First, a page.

I am taking the 21-Day Racial Equity Challenge. Each day I will be taking time with the prompts, and I will be sharing my reflections/thoughts. I encourage our audience to take this challenge with me to start your own self-reflection journey, start understanding and building empathy for people who are not like yourself, learn more about racial inequity in our food system, and ultimately learn how we can better support the Black people in our community.
If you feel comfortable, I encourage our audience to share your thoughts and reflections in the comments below. Our social media pages have several thousand followers, and I want to leverage our platforms as a space that encourages learning, that feels safe and inclusive. So here we go, let’s dig in.
The first thing I thought after reviewing the different stages of racial identity development models was “Wow, I wish I saw these in grade school. That would have saved me so much time trying to conform to my peers and doubting myself.”
This is me (Caroline A.) tabling at a Wellness Conference!
I’ve always thought about race as a part of my identity, but it wasn’t until college that I took a deep dive into understand and accepting all parts of myself. I am an adopted Chinese American person. My family is white, and my parents’ ancestors are also white. Though I’m not biracial and despite how I look, I felt a stronger connection to white culture and people than I did to my Chinese heritage. My parents did their best to teach me about my Chinese culture. We regularly went to Chinese cultural centers, we tried to learn Mandarin together, we celebrated Chinese New Year, and we immersed ourselves in the arts. I actively rejected all of that. Maybe it was because I was shy and too nervous to talk to new kids, but looking back now it was partly because of my own internalized racism (yes, even before the age of 10). “Internalized racism involves both conscious and unconscious acceptance of a racial hierarchy in which whites are consistently ranked above people of color” (Wiki). I felt safer claiming the identities like environmentalist, artist, or athlete than I did my own race.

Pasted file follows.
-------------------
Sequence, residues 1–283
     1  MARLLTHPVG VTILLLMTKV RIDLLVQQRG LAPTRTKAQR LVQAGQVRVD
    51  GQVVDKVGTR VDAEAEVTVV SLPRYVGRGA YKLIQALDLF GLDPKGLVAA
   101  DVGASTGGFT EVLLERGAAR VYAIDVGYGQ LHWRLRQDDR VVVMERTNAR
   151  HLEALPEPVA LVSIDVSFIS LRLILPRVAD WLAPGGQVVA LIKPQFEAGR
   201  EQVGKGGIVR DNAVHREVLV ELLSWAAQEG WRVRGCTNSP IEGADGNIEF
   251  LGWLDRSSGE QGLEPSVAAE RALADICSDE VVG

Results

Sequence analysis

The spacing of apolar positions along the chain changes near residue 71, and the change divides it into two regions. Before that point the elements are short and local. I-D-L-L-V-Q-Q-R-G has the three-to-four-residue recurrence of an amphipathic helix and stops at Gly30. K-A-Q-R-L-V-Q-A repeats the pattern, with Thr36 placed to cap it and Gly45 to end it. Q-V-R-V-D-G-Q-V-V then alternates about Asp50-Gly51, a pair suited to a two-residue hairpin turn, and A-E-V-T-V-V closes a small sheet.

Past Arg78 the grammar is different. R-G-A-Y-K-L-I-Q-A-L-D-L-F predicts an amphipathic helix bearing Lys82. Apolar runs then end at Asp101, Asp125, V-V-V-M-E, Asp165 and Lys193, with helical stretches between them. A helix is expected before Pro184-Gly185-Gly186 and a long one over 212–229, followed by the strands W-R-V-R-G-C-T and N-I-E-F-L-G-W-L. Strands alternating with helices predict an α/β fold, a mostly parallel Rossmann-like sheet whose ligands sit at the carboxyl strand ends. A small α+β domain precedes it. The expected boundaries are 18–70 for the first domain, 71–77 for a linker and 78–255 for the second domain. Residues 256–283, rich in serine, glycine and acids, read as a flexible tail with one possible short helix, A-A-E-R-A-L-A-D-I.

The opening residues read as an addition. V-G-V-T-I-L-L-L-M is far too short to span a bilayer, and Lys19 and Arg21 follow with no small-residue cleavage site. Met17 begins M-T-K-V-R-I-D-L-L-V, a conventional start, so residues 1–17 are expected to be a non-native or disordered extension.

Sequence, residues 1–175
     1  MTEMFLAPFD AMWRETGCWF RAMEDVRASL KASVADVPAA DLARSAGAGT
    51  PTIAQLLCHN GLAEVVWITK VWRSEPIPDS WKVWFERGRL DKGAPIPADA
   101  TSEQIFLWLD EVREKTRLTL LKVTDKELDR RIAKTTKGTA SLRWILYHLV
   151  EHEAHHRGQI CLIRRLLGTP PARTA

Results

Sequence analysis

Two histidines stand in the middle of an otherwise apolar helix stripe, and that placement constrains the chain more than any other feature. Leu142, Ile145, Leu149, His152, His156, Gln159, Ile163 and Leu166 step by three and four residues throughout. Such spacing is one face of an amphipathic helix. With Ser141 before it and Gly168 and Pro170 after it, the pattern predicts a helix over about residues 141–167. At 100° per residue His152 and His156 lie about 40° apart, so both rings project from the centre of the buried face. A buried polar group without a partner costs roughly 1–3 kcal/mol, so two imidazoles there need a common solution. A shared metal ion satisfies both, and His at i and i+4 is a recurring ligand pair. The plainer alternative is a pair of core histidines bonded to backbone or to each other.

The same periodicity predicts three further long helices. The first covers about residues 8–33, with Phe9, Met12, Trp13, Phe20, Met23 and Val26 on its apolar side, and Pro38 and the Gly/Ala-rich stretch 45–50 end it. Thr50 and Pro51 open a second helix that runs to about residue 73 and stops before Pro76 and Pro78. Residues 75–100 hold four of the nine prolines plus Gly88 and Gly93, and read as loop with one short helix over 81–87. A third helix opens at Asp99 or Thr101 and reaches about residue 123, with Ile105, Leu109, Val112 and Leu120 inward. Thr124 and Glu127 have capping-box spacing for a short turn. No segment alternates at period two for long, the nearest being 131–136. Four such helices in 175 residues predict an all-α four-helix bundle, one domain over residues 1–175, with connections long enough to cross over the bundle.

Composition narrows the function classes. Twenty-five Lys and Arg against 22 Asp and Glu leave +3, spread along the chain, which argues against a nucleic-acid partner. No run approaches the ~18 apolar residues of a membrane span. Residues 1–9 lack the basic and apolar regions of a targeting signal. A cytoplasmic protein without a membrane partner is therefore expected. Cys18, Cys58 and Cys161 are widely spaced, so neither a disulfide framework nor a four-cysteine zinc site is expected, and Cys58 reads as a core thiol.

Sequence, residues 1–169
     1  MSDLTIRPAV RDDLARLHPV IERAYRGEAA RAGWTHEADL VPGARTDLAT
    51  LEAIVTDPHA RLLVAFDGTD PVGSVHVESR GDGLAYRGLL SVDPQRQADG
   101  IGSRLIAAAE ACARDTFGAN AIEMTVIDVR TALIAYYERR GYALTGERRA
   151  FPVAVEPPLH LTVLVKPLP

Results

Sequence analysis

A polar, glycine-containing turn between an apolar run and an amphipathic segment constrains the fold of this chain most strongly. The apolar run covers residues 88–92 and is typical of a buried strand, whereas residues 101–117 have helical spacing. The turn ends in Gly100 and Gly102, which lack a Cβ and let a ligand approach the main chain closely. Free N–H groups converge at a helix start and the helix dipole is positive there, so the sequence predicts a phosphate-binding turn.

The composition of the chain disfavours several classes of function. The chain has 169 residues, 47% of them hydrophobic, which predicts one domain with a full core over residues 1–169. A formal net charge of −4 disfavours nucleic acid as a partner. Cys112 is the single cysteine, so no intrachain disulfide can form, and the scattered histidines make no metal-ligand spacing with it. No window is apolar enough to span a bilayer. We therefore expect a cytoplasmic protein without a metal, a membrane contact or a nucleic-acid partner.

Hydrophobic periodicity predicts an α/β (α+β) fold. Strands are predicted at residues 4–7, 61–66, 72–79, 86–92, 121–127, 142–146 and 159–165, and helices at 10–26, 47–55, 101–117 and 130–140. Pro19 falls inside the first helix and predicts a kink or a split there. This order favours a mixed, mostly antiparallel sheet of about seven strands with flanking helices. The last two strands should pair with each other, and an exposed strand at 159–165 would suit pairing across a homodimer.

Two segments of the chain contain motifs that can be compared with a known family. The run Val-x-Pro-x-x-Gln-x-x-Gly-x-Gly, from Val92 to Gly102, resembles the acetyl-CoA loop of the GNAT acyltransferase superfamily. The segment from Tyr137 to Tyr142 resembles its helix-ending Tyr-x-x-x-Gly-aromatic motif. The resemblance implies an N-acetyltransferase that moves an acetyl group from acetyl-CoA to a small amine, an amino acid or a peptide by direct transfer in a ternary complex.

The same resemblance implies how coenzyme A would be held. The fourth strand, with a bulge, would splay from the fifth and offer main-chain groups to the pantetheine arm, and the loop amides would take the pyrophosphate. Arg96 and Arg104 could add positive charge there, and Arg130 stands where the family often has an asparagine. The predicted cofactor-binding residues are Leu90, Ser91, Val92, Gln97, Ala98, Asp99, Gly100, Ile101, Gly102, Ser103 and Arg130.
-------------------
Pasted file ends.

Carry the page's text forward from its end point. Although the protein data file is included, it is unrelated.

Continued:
I didn’t recognize this toxic behavior/thinking until I was in college, I didn’t start calling myself out on my behavior/thinking until later, and I’m still unlearning the things I once thought were true. For fun I took some of these quizzes to find out if I had anymore hidden biases (quizzes include: Race, skin-tone, age, transgender, religion, sexuality, and more).
The model that stuck out to me in the prompt was Berry’s Ethnic Minority cycle (below):
- Assimilation: valuing the majority culture over one’s own culture.
- Separation: preserving one’s culture while withdrawing from the majority culture.
- Marginalization: losing culture contact and identification with one’s culture as well as the majority culture.
- Integration: valuing and integrating one’s culture as well as the majority culture.
I’ve gone through this model plenty of times in my life. Sometimes I skip from 1 to 3, or get stuck in step 2, or jump all around from step 3-2-1-4-2, etc. I suspect I’ll keep going through iterations of this model because I’ll keep having different life events and continue to see the world in different perspectives.
While working at Boston Organics it’s opened my eyes to all of the stakeholders in the local food system. “Farm to Table” is a cute, short catchphrase that the food/grocery delivery industry loves to throw around. For the end consumer it means your food is as fresh as can be. But I know it carries more weight than that. It includes so many individuals that have coordinated to get your veggies out of the dirt, washed, prepped, packaged, transported, and ultimately into your kitchen. It’s important to me now more than ever because I know agriculture has deep roots in the United States. This land has been cultivated by indigenous people, by colonizers, by slaves, and by machinery. I'm sure there is more I can learn about racism/racial inequity in the food system, and I’m excited to see how the rest of the 21-Day Racial Inequity Challenge will go.
Thank you for taking the time to read this blog post. Click here for more prompts, and click here for more resources. Feel free to share your own reflections and thoughts in the comments below. Please keep in mind that we are all lifelong learners, our experiences are all unique, and this is a safe-inclusive space.